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No Tuner But Recording is Possible
on September 15, 2007
I bought the Philips DPV3340V today. It's true, there's no tuner, but in a couple of years analog tuners will be obsolete anyway. If you have cable or Dish/Direct TV you can record incoming signals. There are instructions on the box, but you cannot watch one channel and record another unless put the cable box line to the VCR and have another connection to the TV tuner (RF or composite).
This unit is a VHS recorder. You can copy directly from DVD to VHS but it will not go from VHS to DVD. (VHS to DVD is a more expensive unit.)
I bought this unit primarily to play my old VHS tapes and to record TV programs. While there is no tuner or cable connection (RF coaxial) on the back, there are the RCA (composite) type connectors. (All newer TVs have this type of connection; the red, white and yellow connectors.) If you do not have the composite connections on your TV, only the old RF coax connection, you can't connect a DVD player to your TV anyway.
My cable box has both the old style RF coax and the newer RCA composite connections. I used a splitter and connected the composite red, white, yellow cables from my cable box to both my TV and to the VCR. I can play DVDs, VHS tapes and I can record TV shows on tape. The cable box is the input.
You do not have to have the TV on to record programs unless you are using the output from the TV to the VCR. This is a backwards connection and I'm not sure why anyone would do this unless they didn't have cable or dish. If that's the case then you need the TV to be on, using it's tuner and the *TV-OUT* composite jacks to the VCR input jacks. (Not all TVs have an "out" connection.) You cannot record digital to VHS unless you create a DVD first, then you can use this player to make the copy. Output from your cable box will work as input to this VCR.
The VCR was easy to set up, I haven't even read the manual. It comes with a quick start guide. The VCR delivers a good picture and sound. The DVD player has progressive scan if your TV is capable. If not, it still gives a good picture. It also has component video connections for TVs with that capability. You can copy from DVD to a VHS tape in one operation, if there is no copy protection. Sound is HI-FI stereo. It will play WMAs, MP3s and displays .JPG pictures from a DVD. There is an S-Video connection, one front input, one rear input. There is one set of cables (Red, white for sound and a separate yellow for video.) If you want input for recording you will need to purchase another set.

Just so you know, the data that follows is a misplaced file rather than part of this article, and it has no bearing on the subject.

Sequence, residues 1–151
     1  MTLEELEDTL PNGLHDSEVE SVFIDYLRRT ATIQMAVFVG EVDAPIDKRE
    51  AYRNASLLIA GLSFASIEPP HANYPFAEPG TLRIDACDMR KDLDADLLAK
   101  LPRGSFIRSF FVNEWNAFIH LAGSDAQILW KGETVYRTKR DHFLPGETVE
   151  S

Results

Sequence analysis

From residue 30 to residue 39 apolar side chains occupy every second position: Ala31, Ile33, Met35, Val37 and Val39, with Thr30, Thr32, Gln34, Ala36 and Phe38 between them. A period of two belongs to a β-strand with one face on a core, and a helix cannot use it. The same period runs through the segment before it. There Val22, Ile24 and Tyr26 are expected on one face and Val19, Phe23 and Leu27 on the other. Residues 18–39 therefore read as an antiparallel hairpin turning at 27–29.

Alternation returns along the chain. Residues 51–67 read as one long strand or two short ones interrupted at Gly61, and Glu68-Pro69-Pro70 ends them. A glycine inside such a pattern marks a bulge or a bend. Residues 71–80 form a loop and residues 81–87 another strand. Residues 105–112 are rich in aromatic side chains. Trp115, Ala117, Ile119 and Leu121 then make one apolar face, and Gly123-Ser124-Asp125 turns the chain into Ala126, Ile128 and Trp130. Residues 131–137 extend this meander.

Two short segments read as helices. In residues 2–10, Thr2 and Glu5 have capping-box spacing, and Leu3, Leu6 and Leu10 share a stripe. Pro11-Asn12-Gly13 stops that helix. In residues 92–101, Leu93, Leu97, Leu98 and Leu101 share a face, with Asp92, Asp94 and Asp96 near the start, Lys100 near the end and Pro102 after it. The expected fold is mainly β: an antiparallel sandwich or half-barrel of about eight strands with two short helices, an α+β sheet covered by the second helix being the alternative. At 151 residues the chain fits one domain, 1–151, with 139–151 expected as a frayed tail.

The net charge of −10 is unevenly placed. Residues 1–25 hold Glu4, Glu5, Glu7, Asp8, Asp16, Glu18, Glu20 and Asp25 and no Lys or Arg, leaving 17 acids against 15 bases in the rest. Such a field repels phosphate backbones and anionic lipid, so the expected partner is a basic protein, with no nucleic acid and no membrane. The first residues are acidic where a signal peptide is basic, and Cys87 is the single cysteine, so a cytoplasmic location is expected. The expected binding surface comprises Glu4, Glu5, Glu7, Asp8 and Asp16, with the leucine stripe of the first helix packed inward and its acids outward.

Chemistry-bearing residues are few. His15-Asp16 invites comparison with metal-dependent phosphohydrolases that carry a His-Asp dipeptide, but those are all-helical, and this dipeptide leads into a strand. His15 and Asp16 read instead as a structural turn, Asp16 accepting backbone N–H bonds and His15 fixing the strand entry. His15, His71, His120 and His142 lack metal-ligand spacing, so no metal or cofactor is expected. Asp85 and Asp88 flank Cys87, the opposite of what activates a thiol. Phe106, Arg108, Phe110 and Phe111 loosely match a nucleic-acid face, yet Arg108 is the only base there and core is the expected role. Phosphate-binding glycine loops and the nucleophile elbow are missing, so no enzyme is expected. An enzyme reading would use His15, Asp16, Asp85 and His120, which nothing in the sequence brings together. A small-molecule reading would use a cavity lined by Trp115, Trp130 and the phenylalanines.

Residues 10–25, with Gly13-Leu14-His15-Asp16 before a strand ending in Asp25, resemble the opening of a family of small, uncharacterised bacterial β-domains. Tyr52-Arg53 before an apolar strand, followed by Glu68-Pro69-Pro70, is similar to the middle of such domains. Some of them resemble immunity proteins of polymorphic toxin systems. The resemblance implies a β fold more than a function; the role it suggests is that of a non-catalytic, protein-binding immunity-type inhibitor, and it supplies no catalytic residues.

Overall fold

It has a small remote with small lettering. (The remote comes with 2 AAA batteries.) If you have vision problems it may be hard to read. There is a child lock. It does not glow in the dark, a feature on my TV's remote. There are buttons to switch between DVD and VCR but several buttons work in either position. (I briefly had a Memorex and the controls were very confusing, locking the DVD door and refusing to open unless you pressed the DVD button.)
I've had it for only a few hours but so far I'm satisified. My old VCR died and I opted to replace it and the DVD player with one unit. The zoom on my old DVD player displayed on the screen unless you weren't zooming. This unit zooms and the display goes away. I don't have widescreen yet so I like to zoom to fill the screen.
I can't speak to the longevity but this is my fifth VCR. Quality seems to be an issue with VCRs. I've had Pioneer, Sony, Zenith, JVC and a Memorex. All have gone belly up. It's cheaper to buy a new one than pay for repairs.
I hope they keep making them. I'd hate to buy these movies all over again. I have a lot of DVDs now but I've been around for a while and have a lot of VHS movies that I still enjoy. Watched two today on my new Philips DVP3340V :-)